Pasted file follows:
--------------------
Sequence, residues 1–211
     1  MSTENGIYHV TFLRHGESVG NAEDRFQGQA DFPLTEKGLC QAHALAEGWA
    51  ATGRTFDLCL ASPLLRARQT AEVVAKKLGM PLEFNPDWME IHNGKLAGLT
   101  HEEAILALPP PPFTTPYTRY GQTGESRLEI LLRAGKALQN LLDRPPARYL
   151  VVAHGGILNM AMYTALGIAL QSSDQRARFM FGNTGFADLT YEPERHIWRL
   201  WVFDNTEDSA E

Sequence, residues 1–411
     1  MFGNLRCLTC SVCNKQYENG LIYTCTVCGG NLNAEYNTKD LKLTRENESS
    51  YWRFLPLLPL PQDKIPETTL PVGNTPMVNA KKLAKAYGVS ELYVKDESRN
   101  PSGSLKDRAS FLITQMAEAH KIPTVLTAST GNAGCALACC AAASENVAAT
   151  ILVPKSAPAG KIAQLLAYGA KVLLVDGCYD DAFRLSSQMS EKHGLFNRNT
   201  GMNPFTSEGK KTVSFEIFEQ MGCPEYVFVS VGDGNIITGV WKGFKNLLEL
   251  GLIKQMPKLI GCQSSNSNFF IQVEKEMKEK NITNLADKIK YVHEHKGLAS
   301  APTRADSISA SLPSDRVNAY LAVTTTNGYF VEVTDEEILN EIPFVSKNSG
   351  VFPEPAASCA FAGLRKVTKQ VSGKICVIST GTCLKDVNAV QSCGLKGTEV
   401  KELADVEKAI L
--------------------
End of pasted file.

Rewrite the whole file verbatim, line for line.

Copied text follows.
Sequence, residues 1–211
     1  MSTENGIYHV TFLRHGESVG NAEDRFQGQA DFPLTEKGLC QAHALAEGWA
    51  ATGRTFDLCL ASPLLRARQT AEVVAKKLGM PLEFNPDWME IHNGKLAGLT
   101  HEEAILALPP PPFTTPYTRY GQTGESRLEI LLRAGKALQN LLDRPPARYL
   151  VVAHGGILNM AMYTALGIAL QSSDQRARFM FGNTGFADLT YEPERHIWRL
   201  WVFDNTEDSA E

Sequence, residues 1–411
     1  MFGNLRCLTC SVCNKQYENG LIYTCTVCGG NLNAEYNTKD LKLTRENESS
    51  YWRFLPLLPL PQDKIPETTL PVGNTPMVNA KKLAKAYGVS ELYVKDESRN
   101  PSGSLKDRAS FLITQMAEAH KIPTVLTAST GNAGCALACC AAASENVAAT
   151  ILVPKSAPAG KIAQLLAYGA KVLLVDGCYD DAFRLSSQMS EKHGLFNRNT
   201  GMNPFTSEGK KTVSFEIFEQ MGCPEYVFVS VGDGNIITGV WKGFKNLLEL
   251  GLIKQMPKLI GCQSSNSNFF IQVEKEMKEK NITNLADKIK YVHEHKGLAS
   301  APTRADSISA SLPSDRVNAY LAVTTTNGYF VEVTDEEILN EIPFVSKNSG
   351  VFPEPAASCA FAGLRKVTKQ VSGKICVIST GTCLKDVNAV QSCGLKGTEV
   401  KELADVEKAI L